Tobacco companies are still being sued. Tobacco companies have hidden the addictive properties of their products for years. They continue to market to teenagers, and specifically target women by calling their cigarettes 'slims' and using slogans like 'it's a woman thing' while showing a gorgeous, slim, successful woman smiling at the camera and puffing away on her cigarette.
“The first warning label appeared in January of 1966, about two years after the first Surgeon General's Report on Smoking and Health. The original warning label said "CAUTION: Cigarette Smoking May Be Hazardous to Your Health" and was replaced in 1970 by one saying "WARNING: The Surgeon General Has Determined That Cigarette Smoking Is Dangerous to Your Health."”
Source - http://thescooponsmoking.org/xhtml/quizzes/quittingQuestions.php
But the people who started smoking before the mid 1960s are mostly dead by now, or very elderly. Many of these lawsuits are being filed by people who knew of the dangers yet smoked anyway. For the record, I am one of those people. Not one who sued, but one who began smoking, knowing the dangers.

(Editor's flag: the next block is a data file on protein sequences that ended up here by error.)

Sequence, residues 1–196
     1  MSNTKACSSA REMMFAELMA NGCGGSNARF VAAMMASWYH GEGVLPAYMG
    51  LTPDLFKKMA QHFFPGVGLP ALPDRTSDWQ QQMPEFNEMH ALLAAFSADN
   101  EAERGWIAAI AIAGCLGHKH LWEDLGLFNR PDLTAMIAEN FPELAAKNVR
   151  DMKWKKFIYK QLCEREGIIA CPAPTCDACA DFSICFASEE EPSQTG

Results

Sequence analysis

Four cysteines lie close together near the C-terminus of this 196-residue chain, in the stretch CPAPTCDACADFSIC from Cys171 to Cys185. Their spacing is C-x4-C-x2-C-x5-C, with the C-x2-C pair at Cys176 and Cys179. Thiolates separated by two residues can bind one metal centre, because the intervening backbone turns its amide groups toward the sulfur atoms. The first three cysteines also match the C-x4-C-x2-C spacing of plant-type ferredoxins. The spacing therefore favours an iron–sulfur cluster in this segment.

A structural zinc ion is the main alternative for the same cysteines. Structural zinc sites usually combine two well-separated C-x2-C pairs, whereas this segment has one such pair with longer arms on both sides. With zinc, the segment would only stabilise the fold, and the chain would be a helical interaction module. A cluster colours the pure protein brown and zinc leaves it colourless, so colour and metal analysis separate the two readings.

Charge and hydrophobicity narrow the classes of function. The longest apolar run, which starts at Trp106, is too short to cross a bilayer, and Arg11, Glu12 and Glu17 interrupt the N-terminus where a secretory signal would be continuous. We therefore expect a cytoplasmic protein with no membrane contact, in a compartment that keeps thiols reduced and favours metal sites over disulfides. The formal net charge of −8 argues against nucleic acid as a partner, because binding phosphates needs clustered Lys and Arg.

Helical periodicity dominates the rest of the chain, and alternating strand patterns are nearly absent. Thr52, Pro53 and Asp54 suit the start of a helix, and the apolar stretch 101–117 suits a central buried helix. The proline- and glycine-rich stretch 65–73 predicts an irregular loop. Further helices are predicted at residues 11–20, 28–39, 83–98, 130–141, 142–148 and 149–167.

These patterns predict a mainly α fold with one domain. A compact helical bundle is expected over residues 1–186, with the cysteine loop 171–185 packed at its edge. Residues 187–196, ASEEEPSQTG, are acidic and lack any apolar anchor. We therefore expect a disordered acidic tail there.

I am left wondering if I actually believe that these smokers did not know how damaging cigarettes were. While these addictive properties were indeed hidden by many tobacco companies, every smoker knows that cigarettes are extremely addictive. They don't need someone else to tell them that.
By the 1970s, we all knew about the lung cancers, emphysema and heart disease caused by cigarettes. I am surprised to see people in their 50s and 60s still blaming the tobacco companies.
Don't misunderstand - I am no fan of Big Tobacco. As a smoker of about 16 years, I went through enormous struggles to quit. But I felt like suing myself, not the tobacco companies for being so dumb to start smoking! And I believe the underhanded actions of tobacco companies, like targeting children and poor people are morally reprehensible.
But I am no big fan of personal irresponsibility either. We cannot look at a tobacco company and blame them for our own disease, when it was our choice to smoke a product we knew was dangerous.